Spellbooks in D&D can be boring. We live in such a book-rich society, with the printing press and cheap paperbacks and libraries and bookstores, that we forget that at once upon a time the proper reaction was probably more like holy crap! you own a book! The pre-Gutenberg codex was a work of art, requiring intensive labor to produce. In some instances they were literally chained to the desk where you would read them, in order to prevent theft of these valuable resources. For certain milieus a filthy adventurer owning a book is kinda like going over to your buddy's crappy studio apartment and seeing an original Picasso on the wall. Not utterly impossible, but it makes you want to ask impolite questions like "Is the rest of your stuff cheap junk because you spend all your money on your art obsession?" or "Hey, man, are you some kind of international art thief?"
That's why for my next go at my 12th century faux-England campaign I've decided that spellbooks are basically artifact type objects rather than the users manuals for arcane systems operators they tend to come off as. The Call of Cthulhu tome rules and Ed Greenwood's "Pages from the Mages" series in Dragon heavily influenced this decision. As did reading a couple real historical grimoires, the problems surrounding the textual transmission of the works of Shakespeare, unearthed manuscripts like the Dead Sea Scrolls and Nag Hammadi Library, and the enigma of the Voynich Manuscript.
So now I've got a spreadsheet I've been working on, with the goal that each spellbook can be treated as an individual object. Here are the current fields, with some comments:
alt name - Many of these books have more than one name, which makes tracking them down a big ol' pain in the butt.
language - I don't use read magic for spellbooks. Instead that spell "unlocks" scrolls and doubles as identify for any magic item that has runes on it. I think OD&D will back up this interpretation.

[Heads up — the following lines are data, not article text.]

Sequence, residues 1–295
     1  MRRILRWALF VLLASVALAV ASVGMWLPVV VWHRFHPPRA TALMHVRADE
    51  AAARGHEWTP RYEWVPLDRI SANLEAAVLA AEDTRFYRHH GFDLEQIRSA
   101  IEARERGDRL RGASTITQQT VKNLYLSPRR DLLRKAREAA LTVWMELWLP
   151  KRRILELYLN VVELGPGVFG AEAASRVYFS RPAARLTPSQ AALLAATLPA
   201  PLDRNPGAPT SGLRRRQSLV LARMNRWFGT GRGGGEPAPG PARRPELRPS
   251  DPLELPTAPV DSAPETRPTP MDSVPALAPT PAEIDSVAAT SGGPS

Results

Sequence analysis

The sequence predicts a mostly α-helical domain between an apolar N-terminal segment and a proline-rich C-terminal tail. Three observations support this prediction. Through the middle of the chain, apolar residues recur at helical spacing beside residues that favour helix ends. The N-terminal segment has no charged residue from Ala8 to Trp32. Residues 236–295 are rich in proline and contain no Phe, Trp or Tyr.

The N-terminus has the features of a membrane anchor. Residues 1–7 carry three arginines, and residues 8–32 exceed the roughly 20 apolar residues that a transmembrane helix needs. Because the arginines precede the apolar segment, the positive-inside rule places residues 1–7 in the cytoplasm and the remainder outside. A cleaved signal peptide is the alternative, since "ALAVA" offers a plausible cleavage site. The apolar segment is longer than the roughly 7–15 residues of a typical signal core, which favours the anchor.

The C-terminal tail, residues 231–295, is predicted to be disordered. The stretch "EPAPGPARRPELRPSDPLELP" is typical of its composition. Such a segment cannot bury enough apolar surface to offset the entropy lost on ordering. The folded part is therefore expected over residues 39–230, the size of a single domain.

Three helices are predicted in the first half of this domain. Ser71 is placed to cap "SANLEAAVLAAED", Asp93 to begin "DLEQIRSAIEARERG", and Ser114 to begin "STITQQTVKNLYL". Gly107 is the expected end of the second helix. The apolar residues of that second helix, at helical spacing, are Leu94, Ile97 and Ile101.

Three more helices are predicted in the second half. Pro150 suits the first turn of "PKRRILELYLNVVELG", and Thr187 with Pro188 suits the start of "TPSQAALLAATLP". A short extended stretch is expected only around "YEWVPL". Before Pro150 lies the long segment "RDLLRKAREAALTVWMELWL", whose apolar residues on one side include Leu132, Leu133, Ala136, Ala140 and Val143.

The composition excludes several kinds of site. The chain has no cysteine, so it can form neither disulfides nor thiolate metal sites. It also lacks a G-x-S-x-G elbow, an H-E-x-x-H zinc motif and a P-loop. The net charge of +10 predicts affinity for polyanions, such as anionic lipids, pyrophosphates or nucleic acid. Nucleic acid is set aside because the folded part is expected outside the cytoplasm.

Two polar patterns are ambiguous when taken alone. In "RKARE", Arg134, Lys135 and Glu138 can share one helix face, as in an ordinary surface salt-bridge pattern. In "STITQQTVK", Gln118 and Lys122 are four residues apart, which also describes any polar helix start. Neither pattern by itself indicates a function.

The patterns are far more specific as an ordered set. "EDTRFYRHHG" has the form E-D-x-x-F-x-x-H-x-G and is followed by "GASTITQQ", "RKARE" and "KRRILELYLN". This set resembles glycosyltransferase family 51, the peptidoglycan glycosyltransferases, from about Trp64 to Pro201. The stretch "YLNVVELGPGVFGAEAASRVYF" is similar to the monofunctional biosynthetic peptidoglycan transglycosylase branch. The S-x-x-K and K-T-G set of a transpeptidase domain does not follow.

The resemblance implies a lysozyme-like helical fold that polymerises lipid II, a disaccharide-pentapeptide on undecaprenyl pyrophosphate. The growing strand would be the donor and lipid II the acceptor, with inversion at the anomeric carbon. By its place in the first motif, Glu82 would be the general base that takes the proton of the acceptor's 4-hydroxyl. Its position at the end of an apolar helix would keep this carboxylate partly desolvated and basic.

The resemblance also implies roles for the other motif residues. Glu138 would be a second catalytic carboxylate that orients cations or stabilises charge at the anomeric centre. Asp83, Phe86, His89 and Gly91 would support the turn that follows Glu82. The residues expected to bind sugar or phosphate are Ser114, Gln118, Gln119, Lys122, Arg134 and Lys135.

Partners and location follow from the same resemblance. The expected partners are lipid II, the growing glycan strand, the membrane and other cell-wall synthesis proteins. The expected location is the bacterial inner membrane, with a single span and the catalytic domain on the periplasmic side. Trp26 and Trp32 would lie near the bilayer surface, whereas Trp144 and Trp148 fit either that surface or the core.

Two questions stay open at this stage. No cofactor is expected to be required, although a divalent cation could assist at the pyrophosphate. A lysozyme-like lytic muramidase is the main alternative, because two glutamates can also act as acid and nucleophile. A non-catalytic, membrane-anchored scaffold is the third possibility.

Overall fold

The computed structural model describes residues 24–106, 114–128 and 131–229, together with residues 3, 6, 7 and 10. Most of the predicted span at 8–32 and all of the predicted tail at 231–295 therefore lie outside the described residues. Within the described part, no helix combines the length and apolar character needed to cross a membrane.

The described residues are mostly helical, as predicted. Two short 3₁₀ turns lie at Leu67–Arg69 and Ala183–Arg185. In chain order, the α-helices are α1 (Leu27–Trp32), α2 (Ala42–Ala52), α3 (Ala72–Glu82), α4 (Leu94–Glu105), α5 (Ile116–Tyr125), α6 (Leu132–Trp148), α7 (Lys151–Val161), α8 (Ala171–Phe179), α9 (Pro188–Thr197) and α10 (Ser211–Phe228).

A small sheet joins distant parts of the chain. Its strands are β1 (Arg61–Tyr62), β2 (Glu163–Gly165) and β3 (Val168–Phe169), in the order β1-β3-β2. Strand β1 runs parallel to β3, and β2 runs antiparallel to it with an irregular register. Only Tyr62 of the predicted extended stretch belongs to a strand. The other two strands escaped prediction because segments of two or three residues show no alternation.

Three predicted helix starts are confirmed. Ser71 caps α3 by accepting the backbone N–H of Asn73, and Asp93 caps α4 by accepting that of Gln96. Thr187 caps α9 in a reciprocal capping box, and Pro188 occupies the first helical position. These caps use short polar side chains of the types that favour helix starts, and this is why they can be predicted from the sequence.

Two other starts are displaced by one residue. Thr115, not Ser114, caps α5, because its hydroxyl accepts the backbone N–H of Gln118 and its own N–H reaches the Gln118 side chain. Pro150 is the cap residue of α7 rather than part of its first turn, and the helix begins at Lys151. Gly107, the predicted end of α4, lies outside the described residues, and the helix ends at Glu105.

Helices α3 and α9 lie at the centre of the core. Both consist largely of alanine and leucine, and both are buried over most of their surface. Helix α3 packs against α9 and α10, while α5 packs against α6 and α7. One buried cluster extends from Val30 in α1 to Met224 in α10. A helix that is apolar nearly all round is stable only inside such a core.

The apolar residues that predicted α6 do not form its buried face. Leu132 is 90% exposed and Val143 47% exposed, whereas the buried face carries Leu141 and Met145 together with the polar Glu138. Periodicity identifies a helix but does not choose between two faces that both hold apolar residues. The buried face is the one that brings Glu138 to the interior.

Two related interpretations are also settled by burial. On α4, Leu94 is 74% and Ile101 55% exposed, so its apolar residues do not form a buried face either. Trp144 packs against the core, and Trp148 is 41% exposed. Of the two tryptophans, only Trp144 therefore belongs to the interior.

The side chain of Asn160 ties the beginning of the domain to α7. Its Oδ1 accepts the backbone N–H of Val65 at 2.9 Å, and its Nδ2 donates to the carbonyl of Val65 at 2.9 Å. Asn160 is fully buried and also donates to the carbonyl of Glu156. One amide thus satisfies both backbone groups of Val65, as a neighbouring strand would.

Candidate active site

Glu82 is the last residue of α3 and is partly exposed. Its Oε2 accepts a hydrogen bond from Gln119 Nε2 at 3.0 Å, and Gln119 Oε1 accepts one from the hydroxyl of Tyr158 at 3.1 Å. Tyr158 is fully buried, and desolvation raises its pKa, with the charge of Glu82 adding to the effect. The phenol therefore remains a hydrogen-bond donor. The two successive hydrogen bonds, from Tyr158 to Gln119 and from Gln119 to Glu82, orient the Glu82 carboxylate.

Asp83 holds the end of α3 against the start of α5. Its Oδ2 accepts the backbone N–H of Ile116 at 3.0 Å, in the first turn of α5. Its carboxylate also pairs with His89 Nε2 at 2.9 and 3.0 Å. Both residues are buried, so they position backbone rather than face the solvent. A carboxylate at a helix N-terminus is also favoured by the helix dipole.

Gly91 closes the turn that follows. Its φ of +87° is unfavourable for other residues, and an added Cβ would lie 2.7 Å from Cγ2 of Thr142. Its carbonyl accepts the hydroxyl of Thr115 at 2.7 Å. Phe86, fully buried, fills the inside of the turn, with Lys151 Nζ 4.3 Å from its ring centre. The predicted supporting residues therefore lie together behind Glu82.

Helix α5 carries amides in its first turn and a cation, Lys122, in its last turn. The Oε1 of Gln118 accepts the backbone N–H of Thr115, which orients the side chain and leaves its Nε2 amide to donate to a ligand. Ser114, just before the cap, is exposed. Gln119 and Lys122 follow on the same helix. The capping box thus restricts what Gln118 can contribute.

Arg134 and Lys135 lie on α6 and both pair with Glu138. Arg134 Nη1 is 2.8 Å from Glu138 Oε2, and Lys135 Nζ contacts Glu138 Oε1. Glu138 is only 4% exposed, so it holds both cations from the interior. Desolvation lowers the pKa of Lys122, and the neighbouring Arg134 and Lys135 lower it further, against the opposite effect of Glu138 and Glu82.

past owners - "Your spellbook was once owned by Merlin." How cool is that?
blasphemy - Spellbooks aren't strictly how-to guides written in a vacuum. Each comes with a context that a canny reader can puzzle out. And since pretty much all wizards are cranks, heretics, pagans and/or crazies, this means that one or more passages or implications in a spellbook will offend the sensibilities of the strictly orthodox and question the worldview of the open minded. The historical nature of my campaign makes this a lot easier to pull off effectively, I suspect. In a totally made-up world you're going to have to work hard to come up with a convincing blasphemy. In Wessex I can get away with things like "The Holy Spirit is a woman, God's wife and Christ's mother" or "Satan isn't a rebel, he's God's double agent." My only concern is that the World of Darkness probably ran this sort of stuff into the ground, making it completely uninteresting to Vampire fans.
comment - vague catchall
Spell 6 - Capping level advancement to 10th means I can get away with pretty short lists of spells. Just to make life rough for the PCs, fireball will only be appearing in a single grimoire, which starts in the hands of one of the active NPC wizards. (Active NPC wizards have their own file.)
My list of grimoires is approaching 40 total entries, though none are totally complete yet. That's probably way more than I would need for any one campaign. Eventually I want to be able to hand starting M-Us a print-out of their initial spellbook with all this cool info on it.
Goblins! - I love goblins. They have been a staple in my games since I started playing back in the late 80s. I started in Basic, ye ‘ol Red Box, then moved to AD&D 2E...